Best practices for developing a generative AI copilot for business

Since launch at ChatGPT, I can’t remember a meeting with a prospect or customer where they didn’t ask me how they could use generative AI for their business. From internal efficiency and productivity to external products and services, companies are racing to implement generative AI technologies in every sector of the economy.

While GenAI is still in its early days, its capabilities are rapidly expanding — from vertical search, to photo editing, to writing assistants, the common thread uses interactive interfaces. talk to make the software more accessible and powerful. Chatbots, now rebranded as “copilots” and “assistants,” are in the spotlight once again, and while a set of best practices is beginning to emerge, step 1 in developing one chatbot is to cover the problem and start small.

A copilot is an orchestrator, which helps a user complete many different tasks through a free text interface. There is an infinite number of possible input prompts, and all must be managed well and safely. Instead of planning to solve every task, and running the risk of failing the user’s expectations, developers should start by solving a task very well and learn along the way.

At AlphaSense, for example, we focus on earnings call summarization as our first task, a well-covered but high-value task for our customer base that also maps well to existing product workflows. Along the way, we gained insights into LLM development, model selection, training data generation, augmented generation recovery and user experience design that enabled the expansion of open chat.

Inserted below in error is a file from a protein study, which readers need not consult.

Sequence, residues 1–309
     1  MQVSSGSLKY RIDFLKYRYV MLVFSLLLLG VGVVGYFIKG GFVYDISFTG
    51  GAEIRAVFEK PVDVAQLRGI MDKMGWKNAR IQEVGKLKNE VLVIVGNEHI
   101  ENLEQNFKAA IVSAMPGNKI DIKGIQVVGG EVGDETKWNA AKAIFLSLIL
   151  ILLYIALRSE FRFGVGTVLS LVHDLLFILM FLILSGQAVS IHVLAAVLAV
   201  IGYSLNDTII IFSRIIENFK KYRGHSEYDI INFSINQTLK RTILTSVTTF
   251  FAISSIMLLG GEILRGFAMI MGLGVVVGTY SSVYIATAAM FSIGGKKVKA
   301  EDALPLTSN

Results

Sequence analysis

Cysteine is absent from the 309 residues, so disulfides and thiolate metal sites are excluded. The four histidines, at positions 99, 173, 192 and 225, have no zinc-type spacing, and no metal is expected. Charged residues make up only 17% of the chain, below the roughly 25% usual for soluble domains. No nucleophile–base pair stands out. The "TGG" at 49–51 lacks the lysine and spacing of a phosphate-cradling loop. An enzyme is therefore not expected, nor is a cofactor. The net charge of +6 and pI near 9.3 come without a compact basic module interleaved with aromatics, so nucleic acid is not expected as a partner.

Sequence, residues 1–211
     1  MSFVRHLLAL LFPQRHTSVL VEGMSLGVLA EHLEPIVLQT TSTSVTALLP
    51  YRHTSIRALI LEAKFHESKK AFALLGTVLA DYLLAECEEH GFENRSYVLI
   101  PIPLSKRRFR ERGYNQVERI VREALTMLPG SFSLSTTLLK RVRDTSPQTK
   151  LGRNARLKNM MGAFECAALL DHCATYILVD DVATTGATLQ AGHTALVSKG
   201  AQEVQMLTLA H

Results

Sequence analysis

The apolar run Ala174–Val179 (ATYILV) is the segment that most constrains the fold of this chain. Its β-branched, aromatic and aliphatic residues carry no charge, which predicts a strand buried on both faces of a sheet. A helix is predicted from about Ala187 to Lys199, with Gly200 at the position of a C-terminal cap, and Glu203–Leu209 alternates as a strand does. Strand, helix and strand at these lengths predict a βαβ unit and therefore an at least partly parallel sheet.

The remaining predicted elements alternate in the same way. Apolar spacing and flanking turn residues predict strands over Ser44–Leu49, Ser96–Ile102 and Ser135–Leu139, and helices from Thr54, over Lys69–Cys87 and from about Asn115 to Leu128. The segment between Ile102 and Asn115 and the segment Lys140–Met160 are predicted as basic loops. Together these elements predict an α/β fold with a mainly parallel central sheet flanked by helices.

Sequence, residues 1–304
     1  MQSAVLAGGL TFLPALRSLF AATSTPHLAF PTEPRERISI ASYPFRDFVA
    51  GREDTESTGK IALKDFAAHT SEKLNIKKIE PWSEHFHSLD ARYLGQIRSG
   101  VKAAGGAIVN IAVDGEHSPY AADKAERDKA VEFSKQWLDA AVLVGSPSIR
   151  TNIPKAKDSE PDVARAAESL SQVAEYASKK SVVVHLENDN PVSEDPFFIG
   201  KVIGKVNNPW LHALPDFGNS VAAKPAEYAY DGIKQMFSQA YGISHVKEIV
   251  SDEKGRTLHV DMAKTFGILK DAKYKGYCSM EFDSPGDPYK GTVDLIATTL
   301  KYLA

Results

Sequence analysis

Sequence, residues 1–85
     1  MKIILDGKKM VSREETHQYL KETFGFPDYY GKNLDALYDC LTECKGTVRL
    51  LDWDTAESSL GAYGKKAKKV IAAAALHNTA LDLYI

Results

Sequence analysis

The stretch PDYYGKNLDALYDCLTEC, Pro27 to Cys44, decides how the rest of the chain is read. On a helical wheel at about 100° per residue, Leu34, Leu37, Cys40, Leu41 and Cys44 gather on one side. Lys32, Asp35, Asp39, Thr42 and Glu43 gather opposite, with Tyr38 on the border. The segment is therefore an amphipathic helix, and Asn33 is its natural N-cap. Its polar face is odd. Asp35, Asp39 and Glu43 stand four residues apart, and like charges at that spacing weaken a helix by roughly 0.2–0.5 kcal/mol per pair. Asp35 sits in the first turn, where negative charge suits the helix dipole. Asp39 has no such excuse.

LLM progression: Choice of open or closed

In early 2023, the leaderboard for LLM performance is clear: OpenAI is ahead of GPT-4, but well-capitalized competitors such as Anthropic and Google are determined to catch up. Open source has sparks of promise, but performance on word processing tasks can’t compete with closed models.

To create a high performance LLM, commit to creating the best dataset in the world for the task at hand.

My experience with AI over the past decade led me to believe that open source would make a fierce comeback and that’s exactly what happened. The open source community has improved performance while lowering costs and latency. LLaMA, Mistral and other models offer strong foundations for innovation, and major cloud providers such as Amazon, Google and Microsoft have largely adopted a multi-vendor approach, including support and expansion. in open source.

While open source isn’t captured in published performance benchmarks, it clearly leapfrogs closed models in the set of trade-offs any developer must make when bringing a product into the real world. . The 5 S’s of Model Selection help developers decide which type of model is right for them:

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